Back in March 2013, a peculiar post popped up in the Aion online forums, on the official website of the game, in broken English, advertising a website which supposedly made it possible for everyone bold enough to create an account, to view all the gear of every single player in the game regardless of server. It was also possible to post images and videos to one's character and to comment on other players' profiles. In all honesty, the post had all the makings of spam, but there were a few souls online whose temerity knew no bounds and who gave it all a shot nonetheless. These players returned to the forum to sing the praise of the linked website (the actual URL of which is now wholly irrelevant), confirming that it did indeed work and that it did indeed do what it was advertised to.
The post quickly blossomed into the most prolific thread at the forum, with scores of players chiming in, some of them delighted with the analytic tools offered by the site, others complaining more or less in jest, that they could no longer hide the questionable quality of their gear from anyone anymore. The general consensus was though that the third party operation was indeed awesome and that it had accomplished something NCsoft, the company behind the game, never really did on its own.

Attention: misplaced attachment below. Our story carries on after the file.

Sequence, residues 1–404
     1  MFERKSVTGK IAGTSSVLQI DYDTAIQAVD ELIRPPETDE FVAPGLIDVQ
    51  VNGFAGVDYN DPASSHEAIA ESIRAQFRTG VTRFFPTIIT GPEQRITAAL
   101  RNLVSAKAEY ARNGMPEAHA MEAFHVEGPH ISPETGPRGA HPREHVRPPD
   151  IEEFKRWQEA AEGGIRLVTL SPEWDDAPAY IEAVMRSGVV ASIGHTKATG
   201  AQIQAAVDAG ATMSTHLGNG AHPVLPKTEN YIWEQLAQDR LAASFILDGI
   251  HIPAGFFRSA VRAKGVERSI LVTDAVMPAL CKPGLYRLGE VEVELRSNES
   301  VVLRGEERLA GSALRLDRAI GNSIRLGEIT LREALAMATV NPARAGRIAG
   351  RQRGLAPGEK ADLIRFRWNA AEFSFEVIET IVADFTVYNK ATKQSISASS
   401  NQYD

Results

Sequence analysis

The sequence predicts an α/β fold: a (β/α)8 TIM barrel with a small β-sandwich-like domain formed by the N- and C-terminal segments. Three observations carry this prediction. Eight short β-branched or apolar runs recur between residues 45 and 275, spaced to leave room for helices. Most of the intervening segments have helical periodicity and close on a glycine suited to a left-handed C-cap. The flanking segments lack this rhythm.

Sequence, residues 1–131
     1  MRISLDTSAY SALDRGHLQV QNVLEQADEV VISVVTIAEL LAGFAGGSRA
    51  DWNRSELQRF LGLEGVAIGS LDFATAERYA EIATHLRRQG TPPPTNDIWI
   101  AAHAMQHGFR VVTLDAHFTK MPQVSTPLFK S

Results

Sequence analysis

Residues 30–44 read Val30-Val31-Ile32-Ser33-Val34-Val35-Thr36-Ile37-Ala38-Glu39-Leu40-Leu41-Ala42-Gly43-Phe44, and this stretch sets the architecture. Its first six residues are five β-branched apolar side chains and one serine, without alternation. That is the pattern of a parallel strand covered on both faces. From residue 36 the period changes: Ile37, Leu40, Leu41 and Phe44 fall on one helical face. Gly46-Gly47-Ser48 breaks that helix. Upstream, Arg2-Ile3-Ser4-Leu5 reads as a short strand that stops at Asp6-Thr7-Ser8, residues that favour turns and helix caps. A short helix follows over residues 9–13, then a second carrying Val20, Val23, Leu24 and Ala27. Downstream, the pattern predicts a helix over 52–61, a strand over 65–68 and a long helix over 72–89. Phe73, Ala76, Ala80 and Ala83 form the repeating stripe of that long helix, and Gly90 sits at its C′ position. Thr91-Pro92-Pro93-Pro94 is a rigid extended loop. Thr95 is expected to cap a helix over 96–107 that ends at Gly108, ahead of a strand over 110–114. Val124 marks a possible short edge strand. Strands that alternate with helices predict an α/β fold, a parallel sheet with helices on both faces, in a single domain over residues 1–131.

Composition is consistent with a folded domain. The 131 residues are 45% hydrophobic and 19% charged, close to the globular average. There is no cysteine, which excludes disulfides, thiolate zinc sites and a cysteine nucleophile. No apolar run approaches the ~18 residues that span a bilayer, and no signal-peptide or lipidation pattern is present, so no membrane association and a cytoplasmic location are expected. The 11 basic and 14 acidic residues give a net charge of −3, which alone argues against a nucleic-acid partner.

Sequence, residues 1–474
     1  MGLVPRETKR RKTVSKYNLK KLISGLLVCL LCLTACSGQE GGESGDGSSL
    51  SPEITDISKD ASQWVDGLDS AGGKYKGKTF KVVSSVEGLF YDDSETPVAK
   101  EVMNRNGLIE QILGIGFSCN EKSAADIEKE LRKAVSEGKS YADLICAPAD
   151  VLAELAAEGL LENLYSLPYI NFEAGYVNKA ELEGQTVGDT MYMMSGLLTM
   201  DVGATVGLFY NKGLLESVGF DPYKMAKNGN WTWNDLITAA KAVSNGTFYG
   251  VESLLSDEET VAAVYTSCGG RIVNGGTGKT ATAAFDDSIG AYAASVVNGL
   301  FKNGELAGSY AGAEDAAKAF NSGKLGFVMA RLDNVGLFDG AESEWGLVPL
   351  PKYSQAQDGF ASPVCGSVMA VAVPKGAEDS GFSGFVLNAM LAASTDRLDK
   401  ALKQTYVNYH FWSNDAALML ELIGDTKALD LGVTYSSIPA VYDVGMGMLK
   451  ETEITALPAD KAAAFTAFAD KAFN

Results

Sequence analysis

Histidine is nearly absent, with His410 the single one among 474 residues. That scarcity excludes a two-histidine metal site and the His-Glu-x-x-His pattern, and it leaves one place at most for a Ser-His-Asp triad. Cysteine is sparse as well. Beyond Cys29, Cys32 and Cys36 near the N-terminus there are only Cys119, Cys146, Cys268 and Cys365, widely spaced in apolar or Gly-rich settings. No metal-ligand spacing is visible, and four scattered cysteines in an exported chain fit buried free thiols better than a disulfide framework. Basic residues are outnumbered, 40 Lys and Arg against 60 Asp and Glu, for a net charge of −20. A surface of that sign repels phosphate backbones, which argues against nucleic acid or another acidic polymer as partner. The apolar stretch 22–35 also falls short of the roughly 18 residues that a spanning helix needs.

This is where the whole affair began sliding towards ridicule, as poster after poster unleashed his/her tirade lambasting NCsoft's incompetence in the matter, everyone adding his/her specific brand of wit as an added jab in the side for the company actually responsible for the very existence of their favorite game.
Due to the massive traffic it received, the said site began crashing shortly and after a few days, it began misfiring accuracy-wise too. Suffice to say though, that for all its shortcomings, it inflicted a nasty blot on NCsoft's prestige, who by the way apparently never granted any sort of permission to the operator to use its game data, some of which did indeed represent information which could've been considered sensitive.
To make a long story short: the third-party statistics operation turned out to be short-lived, but the fact alone that even in July of 2016 there are people on the forum looking for it and complaining about its disappearance, is clear proof of the fact that NCsoft hasn't really made any progress of its own in this direction since...
Philip Thalberg currently works on The International coverage as a member of GosuTeam.